Prove that if a is a positive integer of the form 4n+3, then at least one prime divisor of a is of the form 4n+3.

I'm suck D: The book gave a hint to prove the contrapositive, but I'm still not sure what to do. I thought of a proof and at first I thought it was right, but then on re-examination I see I made a mistake. I'll type it up because maybe there is some way to scavange my wrong proof and make it right.

Let S={a in N|a=4t+3 and a is not divisible by a prime of the form 4n+3}[/tex]

Suppose S =/= empty set, then by the Well Ordering Principle there exists a smallest element. Call it n. n can't be a prime because it would then be divisible by a prime of the form 4t+3. Hence n is composite and there exists integers x and y s.t. n=xy where 1<x<n and 1<y<n. Since x<n then x is not in S (this is where I made my mistake), then x is divisible by a prime of the form 4t+3 (I can't make this conclusion, right? Because x may not even be of the form 4t+3... I'll finish what I wrote out). Call this prime p. But since p|x and x|n, then p|n - a contradiction. Thus S= empty set.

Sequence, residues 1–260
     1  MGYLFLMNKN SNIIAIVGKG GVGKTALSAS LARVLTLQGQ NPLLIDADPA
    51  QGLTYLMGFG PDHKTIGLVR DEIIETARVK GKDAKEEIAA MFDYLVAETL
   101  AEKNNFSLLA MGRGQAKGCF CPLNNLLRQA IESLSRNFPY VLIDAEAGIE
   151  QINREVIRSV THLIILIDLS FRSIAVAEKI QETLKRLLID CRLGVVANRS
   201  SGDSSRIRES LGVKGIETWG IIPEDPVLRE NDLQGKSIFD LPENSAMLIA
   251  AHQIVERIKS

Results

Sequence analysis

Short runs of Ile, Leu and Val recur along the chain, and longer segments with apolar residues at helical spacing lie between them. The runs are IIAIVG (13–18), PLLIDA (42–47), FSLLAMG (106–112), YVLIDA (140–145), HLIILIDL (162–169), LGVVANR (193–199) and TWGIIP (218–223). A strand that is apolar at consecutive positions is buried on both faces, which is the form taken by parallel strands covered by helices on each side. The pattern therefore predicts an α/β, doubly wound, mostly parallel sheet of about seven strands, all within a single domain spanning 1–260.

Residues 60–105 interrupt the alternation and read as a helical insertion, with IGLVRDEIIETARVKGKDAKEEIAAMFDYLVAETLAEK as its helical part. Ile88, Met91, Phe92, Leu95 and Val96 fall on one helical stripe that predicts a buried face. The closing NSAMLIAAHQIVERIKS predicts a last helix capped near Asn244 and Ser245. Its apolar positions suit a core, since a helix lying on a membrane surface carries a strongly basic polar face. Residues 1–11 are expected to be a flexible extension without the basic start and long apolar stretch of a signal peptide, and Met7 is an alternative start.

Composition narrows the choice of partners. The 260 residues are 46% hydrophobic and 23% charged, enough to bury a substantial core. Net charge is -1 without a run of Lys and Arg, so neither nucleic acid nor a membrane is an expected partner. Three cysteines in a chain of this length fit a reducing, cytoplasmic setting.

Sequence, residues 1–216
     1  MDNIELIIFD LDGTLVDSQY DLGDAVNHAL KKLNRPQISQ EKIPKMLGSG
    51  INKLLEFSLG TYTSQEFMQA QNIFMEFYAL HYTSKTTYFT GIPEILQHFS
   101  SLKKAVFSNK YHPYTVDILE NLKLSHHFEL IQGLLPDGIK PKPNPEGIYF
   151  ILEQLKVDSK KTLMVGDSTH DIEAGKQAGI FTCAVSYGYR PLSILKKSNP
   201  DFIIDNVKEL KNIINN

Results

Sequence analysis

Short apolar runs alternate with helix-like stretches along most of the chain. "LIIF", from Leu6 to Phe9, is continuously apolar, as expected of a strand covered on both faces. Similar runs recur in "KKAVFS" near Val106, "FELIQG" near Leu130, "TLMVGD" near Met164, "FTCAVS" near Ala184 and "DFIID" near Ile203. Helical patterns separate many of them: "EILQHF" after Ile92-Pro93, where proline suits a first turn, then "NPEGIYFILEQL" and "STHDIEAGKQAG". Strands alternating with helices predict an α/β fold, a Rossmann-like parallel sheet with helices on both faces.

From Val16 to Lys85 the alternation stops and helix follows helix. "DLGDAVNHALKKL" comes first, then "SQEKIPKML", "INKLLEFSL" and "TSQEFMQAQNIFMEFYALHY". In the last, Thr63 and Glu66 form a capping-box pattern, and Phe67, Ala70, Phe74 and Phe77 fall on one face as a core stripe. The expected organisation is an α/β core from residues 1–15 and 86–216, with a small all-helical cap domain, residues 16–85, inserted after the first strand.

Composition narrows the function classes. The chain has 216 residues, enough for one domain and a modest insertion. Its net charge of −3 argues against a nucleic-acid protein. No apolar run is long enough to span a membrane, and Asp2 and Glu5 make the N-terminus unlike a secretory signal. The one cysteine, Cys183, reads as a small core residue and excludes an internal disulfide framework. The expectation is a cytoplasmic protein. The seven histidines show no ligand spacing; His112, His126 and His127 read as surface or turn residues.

Help would be appreciated. Thanks!